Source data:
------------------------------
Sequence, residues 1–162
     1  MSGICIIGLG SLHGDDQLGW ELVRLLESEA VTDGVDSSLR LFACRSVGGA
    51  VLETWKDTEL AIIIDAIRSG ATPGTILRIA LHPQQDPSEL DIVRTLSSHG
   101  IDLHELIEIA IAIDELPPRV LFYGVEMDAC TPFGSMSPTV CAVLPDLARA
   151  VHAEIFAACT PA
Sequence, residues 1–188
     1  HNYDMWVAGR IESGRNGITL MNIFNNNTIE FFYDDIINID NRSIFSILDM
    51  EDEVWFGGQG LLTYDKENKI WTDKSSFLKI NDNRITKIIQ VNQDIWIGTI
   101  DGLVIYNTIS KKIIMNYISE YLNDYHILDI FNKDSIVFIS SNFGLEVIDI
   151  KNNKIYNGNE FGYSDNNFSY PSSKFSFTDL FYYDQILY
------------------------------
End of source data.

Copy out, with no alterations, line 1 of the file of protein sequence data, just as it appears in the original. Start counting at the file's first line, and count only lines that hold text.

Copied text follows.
Sequence, residues 1–162